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Ankylosing spondylitis: Epidural risks

Ankylosing spondylitis is a chronic inflammatory disease (mostly in males, associated with uveitis and vasculitis / aortic insufficiency) and leading to ossification of the axial ligaments, SI joints, and subsequent fusion of the axial skeleton. These patients are challenging regardless of the anesthesia technique chosen – general anesthesia is complicated by difficulties with airway management (reduced cervical spine and temporomandibular mobility) as well as near-universal mandate for controlled mechanical ventilation (decreased thoracic compliance, pulmonary fibrosis, restrictive lung disease).

Neuraxial anesthesia is complicated by ossification of spinal ligaments and reduced intervertebral spaces – caudal anesthesia may be a reasonable alternative.

Ankylosing Spondylitis

  • Systemic Considerations: uveitis, vasculitis, aortic insufficiency, pulmonary fibrosis, restrictive lung disease
  • General Anesthesia: reduced cervical and TMJ mobility
  • Regional Anesthesia: osseous ligaments, reduced intravertebral spaces (consider caudal)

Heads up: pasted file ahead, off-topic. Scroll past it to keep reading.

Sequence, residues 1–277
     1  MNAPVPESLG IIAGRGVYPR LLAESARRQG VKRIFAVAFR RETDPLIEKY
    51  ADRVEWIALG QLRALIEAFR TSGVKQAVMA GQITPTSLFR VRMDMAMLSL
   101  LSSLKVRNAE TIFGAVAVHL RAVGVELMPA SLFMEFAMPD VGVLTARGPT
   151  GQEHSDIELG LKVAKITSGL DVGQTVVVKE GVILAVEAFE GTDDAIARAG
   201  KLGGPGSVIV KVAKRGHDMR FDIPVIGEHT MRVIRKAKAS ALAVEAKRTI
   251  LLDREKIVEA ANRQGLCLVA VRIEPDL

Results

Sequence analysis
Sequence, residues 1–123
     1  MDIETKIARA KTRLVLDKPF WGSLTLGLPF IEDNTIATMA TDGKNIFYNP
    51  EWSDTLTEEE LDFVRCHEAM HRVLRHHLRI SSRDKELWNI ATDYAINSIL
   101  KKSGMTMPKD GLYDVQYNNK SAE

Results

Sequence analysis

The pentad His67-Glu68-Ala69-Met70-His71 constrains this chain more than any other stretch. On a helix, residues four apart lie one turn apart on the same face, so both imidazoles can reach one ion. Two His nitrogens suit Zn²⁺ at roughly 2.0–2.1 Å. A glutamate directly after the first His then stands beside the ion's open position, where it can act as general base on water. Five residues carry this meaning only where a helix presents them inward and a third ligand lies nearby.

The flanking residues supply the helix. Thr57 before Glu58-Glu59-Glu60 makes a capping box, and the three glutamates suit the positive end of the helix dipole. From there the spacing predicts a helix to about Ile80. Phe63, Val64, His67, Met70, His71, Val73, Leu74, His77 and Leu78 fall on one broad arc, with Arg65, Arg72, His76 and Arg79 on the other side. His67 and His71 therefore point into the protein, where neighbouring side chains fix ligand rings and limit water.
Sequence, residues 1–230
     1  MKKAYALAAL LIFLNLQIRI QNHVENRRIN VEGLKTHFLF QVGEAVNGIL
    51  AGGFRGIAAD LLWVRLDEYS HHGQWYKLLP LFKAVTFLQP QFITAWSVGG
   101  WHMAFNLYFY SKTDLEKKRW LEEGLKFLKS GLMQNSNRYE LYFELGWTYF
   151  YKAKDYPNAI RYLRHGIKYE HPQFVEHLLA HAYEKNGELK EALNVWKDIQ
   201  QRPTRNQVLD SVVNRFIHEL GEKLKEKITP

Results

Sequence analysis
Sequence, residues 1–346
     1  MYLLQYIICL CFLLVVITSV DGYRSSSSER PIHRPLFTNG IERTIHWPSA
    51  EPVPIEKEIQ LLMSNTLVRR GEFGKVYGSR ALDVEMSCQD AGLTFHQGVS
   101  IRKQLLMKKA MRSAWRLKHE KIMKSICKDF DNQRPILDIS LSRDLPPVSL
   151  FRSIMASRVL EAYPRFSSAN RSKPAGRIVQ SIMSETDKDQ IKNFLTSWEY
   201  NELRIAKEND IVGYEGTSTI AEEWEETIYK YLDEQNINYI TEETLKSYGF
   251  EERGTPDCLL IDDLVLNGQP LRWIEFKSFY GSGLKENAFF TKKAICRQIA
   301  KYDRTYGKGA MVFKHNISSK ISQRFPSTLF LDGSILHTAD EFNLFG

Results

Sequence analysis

Epidurals are more difficult to place in patients with AS due to increased ossification of the spine. The major concern is the higher incidence of epidural hematoma in this AS versus the general population. This is attributed to multiple traumatic attempts and higher incidence of NSAID use among patietns. There as been at least two case reports of total spinal anesthesia from epidural test dose even after negative aspiration. The authors believed that they had had inadvertent catheter migration into the subdural space or seepage of local anesthetic through perforations in the dura created by multiple attempts.


  1. H Wulf Epidural anaesthesia and spinal haematoma. Can J Anaesth: 1996, 43(12);1260-71 PubMed Link
  2. K Robins, S Saravanan, E J Watkins Ankylosing spondylitis and epidural haematoma. Anaesthesia: 2005, 60(6);624-5 PubMed Link
  3. Y K Batra, A Sharma, S Rajeev Total spinal anaesthesia following epidural test dose in an ankylosing spondylitic patient with anticipated difficult airway undergoing total hip replacement. Eur J Anaesthesiol: 2006, 23(10);897-8 PubMed Link
  4. M Steffek, R Owczuk, M Szlyk-Augustyn, M Lasinska-Kowara, M Wujtewicz Total spinal anaesthesia as a complication of local anaesthetic test-dose administration through an epidural catheter. Acta Anaesthesiol Scand: 2004, 48(9);1211-3 PubMed Link